It was a pleasant, if slightly awkward, moment. But that is pretty much the epitome of every trip I take to the city.


or “Why the 27 year old women wants to vote for the old white guy from Vermont.”

I am not enrolled in a political party. I am usually moderately leaning left. I hate the political party system that we have in the US of A. I hate that it costs millions and millions of dollars to run for political office, specifically when you are trying to land in the oval-shaped one.

I want a woman president as much as the next feminist, but I don’t want Hillary. I don’t want Hillary because she is part of the system; she is part of the problem.  When you start seeing the same names over and over in the office of power that is called a monarchy, not a democracy. Now instead of just a two-party system, we are moving towards a two-family system: Clinton and Bush. Can we not find a candidate that is not a part of those two family trees?

Now that is not the only reason I support Bernie Sanders. I actually believe in his campaign and what he stands for, mostly because I actually know what he stands for. He doesn’t pander, he doesn’t waffle.  He stands behind his convictions and is willing to challenge his colleagues to real conversations and dialogue. And no, I don’t agree with him on everything, but I don’t think you can ever really find a candidate that you can agree with 100%.

However, I am realist and I unfortunately know that this game show is rigged.  Unless something dramatically changes in the next year and a half and we have a major grassroots movement in this country, Bernie Sanders will never make it out of the primaries, he won’t be able to raise enough money. He won’t be able to raise enough money because the people who believe in him are too poor to donate to his campaign.  They are the recent college grads and the dwindling, blue-collar, middle class folks, and the environmentalists who likely aren’t making any money. And that is the saddest part of all, because the elections are not really in the hands of the voters, they are in the hands of the lobbyists and billionaires who can afford to pay for lawn signs and air time. It’s all very absurd.

And so, once again, I know I may be selecting a losing candidate.  I know I am backing the underdog. But, I am hoping beyond hope that this time is different. That this time my generation gets off its ass and gets to the polls and makes an informed decision. I am hoping that Americans realize that politics as usual is going to give us “results” as usual. I am hoping that people realize that we should leave the religious teachings to the rabbis, preachers, priests, and imams. I am hoping that voters realize that scientists should be trusted, not censored. I am hoping that Americans realize that we deserve better and that Bernie Sanders could be that candidate.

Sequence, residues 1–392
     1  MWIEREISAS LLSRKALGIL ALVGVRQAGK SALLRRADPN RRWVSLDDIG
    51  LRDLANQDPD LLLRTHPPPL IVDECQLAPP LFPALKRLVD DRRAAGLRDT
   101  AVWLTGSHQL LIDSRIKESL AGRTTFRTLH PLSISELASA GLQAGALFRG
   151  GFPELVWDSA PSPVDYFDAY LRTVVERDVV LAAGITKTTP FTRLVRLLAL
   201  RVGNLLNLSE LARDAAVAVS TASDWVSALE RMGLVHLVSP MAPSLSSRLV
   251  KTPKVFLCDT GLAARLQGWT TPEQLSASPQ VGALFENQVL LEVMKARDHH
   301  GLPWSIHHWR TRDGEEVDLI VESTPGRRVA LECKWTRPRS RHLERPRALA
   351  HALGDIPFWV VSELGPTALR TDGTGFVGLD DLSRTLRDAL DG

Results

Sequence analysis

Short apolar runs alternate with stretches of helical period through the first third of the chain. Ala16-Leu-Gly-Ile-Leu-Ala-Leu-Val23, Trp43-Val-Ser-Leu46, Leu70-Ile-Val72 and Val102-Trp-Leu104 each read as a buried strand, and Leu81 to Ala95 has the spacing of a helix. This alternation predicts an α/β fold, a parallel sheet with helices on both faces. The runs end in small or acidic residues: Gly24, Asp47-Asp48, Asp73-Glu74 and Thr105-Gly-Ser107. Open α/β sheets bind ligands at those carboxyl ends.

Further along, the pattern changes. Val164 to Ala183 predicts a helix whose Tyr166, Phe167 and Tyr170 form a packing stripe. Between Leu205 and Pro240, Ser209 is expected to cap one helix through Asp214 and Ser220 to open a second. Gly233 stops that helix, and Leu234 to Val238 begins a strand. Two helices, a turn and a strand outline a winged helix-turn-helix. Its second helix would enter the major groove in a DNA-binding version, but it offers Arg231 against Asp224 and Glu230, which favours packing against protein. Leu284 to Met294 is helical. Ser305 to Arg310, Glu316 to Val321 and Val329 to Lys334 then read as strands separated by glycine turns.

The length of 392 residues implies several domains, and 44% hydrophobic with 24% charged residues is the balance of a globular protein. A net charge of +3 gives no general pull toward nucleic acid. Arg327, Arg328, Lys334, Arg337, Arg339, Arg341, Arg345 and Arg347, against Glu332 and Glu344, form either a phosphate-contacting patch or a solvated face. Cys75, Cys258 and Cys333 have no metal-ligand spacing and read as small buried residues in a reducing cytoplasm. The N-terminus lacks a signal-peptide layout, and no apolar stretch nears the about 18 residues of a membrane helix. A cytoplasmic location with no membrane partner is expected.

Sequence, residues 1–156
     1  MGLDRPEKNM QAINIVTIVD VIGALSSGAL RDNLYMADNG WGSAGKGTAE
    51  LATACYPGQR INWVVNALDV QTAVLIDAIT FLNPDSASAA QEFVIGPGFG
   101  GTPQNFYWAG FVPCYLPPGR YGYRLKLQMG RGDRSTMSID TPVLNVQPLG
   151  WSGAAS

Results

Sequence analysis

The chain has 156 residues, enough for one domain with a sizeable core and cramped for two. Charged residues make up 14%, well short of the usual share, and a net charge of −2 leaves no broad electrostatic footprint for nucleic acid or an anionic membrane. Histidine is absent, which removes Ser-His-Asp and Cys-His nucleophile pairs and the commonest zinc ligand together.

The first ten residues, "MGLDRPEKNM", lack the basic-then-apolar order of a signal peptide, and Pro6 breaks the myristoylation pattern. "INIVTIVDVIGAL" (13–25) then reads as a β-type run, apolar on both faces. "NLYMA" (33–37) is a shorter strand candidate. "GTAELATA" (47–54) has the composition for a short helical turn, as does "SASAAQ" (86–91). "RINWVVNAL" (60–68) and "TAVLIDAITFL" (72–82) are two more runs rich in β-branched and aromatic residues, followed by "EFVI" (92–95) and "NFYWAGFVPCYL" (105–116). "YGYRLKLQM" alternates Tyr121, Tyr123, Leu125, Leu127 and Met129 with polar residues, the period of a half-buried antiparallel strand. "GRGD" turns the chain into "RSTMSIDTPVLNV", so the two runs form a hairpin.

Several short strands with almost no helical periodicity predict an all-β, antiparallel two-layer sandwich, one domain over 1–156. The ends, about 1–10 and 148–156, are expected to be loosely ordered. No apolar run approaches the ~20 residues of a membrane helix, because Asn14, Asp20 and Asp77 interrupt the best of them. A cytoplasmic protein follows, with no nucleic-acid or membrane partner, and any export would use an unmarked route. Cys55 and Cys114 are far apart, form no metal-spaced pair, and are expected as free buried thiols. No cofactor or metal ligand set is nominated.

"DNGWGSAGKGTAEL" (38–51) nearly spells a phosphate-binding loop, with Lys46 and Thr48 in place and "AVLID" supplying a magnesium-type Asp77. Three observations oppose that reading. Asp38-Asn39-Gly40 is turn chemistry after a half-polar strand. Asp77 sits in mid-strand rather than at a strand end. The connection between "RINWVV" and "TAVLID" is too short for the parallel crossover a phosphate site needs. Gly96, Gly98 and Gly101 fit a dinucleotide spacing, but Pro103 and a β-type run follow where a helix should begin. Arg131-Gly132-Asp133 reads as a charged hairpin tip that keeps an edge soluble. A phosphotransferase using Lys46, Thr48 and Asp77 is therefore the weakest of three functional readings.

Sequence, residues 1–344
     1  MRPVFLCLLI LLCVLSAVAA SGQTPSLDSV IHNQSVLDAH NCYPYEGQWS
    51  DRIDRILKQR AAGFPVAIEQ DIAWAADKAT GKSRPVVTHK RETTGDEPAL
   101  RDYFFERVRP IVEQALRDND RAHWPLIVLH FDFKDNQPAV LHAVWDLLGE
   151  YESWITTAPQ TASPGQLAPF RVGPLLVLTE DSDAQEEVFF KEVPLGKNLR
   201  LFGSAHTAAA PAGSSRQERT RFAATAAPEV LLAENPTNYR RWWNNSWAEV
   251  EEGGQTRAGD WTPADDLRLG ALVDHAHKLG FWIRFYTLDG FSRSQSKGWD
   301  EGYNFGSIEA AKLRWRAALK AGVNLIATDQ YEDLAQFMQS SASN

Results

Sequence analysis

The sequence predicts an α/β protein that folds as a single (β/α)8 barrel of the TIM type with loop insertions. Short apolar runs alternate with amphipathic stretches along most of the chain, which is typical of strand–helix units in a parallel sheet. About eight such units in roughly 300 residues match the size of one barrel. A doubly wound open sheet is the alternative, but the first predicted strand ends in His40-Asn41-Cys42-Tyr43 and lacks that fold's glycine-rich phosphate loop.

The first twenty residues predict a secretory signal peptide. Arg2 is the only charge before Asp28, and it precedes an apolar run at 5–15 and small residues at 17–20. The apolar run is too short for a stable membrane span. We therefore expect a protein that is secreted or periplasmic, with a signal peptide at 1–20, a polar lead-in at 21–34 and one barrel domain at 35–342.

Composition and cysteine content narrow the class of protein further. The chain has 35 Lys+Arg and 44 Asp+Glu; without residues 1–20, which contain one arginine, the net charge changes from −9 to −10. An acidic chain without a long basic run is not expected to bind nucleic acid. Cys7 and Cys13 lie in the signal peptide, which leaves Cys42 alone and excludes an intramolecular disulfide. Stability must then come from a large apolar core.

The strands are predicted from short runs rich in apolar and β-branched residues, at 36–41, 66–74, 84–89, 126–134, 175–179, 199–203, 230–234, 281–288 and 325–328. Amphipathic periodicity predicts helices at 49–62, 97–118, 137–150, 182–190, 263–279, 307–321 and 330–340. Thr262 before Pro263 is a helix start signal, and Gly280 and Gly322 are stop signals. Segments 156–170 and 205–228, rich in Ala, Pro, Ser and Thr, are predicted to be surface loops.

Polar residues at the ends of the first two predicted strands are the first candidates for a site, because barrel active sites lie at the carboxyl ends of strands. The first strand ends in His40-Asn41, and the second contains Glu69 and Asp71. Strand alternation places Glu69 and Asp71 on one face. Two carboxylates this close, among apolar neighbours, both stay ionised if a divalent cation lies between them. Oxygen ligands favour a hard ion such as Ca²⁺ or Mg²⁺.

And so I will support the Sanders campaign however I can, until he is sitting in that oval room or until he has withdrawn his candidacy. But I refuse to jump onto a campaign just because that candidate is the front-runner.  Being the front-runner doesn’t necessarily mean you are the right person for the job, it usually just means your donors’ pockets are deeper.

#IBelieveinBernie #Sanders2016

Discovering distant shores.

Like any self-respecting twenty-something, I’ve decided to start a blog. I’m not sure where the thought came from or why I think anything I write will have any relevance for anyone but me. Maybe I am finally falling into the stereotype of my generation: that we are over-sharers who believe our thoughts are of the utmost importance to everyone else in the world. Whatever the exact reason, I realize that I just need a place to articulate (somewhat clumsily) my thoughts about things that I find important.  When I was still in school, I managed to work these thoughts into my assignments and class discussions. Now that I live alone and have joined the workforce, I have little outlet for such thoughts, so I’ll put them here instead. I also think that I am on precipice of some big changes in my life, a shift in my circumstances if you will, and a venue to explore those changes is important. Please feel free to share your thoughts as well. I believe that debate and discussion are the best parents of better systems and ideas. And maybe, just maybe, we’ll all learn something in the process.